Roughly 383,000 acres of soybean crops have been injured by the weed-killer dicamba as of June 2018, according to University of Missouri plant sciences professor, Kevin Bradley.
Dicamba destroys everything it touches, other than the crops that are genetically engineered to withstand it. “Dicamba drift” is a well-known term associated with the herbicide because the chemical can be picked up by the wind and land on neighboring non-targeted fields, stunting plants’ growth, and leaving them wrinkled or cupped.
Non-targeted crops and trees have been harmed by dicamba drift for numerous growing seasons, according to Bradley, who has tracked the damage caused by the weed-killer extensively.
In 2017, Monsanto’s (now Bayer) new dicamba-based herbicide, XtendiMax, was approved by the U.S. Environmental Protection Agency (EPA) for use on the company’s Xtend soybeans and cotton. That growing season, XtendiMax reportedly damaged an estimated 3.6 million acres of off-target crops in more than 2 dozen states.
Many crops were also devastated in 2016 when 10 states reported hundreds of thousands of crop acres damaged by the apparent misuse of older, unapproved versions of dicamba.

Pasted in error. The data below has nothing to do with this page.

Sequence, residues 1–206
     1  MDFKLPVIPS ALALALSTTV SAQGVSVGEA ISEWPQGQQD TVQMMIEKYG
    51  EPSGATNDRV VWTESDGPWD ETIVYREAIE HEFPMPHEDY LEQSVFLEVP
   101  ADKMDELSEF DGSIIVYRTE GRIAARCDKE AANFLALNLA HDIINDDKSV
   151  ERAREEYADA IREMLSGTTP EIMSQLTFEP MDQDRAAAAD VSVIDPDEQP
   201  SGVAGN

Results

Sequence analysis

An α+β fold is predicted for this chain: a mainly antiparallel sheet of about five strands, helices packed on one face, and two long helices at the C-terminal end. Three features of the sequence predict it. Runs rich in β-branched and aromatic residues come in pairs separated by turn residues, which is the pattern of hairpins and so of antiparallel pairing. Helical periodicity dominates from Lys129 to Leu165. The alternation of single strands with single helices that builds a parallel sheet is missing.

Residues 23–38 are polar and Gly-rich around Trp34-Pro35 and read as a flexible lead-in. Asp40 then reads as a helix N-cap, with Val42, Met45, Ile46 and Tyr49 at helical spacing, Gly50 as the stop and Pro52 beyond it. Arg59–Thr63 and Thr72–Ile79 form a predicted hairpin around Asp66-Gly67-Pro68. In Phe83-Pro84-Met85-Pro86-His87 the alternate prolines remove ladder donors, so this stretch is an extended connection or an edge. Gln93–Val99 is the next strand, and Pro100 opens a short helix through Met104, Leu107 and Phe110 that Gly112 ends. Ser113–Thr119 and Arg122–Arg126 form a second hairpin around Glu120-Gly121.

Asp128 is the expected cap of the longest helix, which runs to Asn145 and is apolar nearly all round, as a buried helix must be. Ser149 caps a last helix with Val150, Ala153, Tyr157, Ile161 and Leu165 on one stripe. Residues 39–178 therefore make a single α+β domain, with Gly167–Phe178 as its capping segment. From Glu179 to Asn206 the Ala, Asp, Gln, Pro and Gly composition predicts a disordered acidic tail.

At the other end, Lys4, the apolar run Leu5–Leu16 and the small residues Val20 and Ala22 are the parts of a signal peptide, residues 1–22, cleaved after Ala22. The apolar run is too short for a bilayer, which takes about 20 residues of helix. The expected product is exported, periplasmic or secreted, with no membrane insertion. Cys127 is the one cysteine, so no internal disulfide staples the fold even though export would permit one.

The summer of 2018 has fared a bit better, but the damage was still palpable, according to Bradley.
“Many growers in [Missouri] have adopted the Xtend trait so they don’t experience dicamba injury on their soybean crop for a third season in a row. Since the adoption of the Xtend trait is so high in this area, relatively speaking there seem to be fewer soybean fields with injury this year compared to last.
However, just as in the past two seasons, there are still fields of non-Xtend soybean in this area showing injury from one end to the other.
More surprising to me than that has been the extent of the trees that are showing symptoms of growth regulator herbicide injury in that part of the state where the adoption of this trait is so high.”
Compared to 2017, 2018 has seen more cases of off-target movement of the chemical to specialty crops, vegetables, ornamental plants, and trees, said Bradley. 
He writes in the report:
“I have personally witnessed this increasing problem of off-target dicamba injury to “other” crops and tree species in the calls I have received, field visits, and “windshield surveys” of Missouri that I have taken the past few weeks, especially when driving around southeast Missouri last week.”
Here are the soybean injury numbers in 2018 (could actually be much more), by acres, in individual states, according to the University of Missouri: 
- Arkansas 100,000
- Illinois: 150,000
- Indiana: 5,000
- Iowa: 1,200
- Kansas: 100
- Kentucky: 500
- Nebraska: 40
- Missouri: 25,000
- Mississippi: 100,000
- Tennessee: 2,000
 NY Times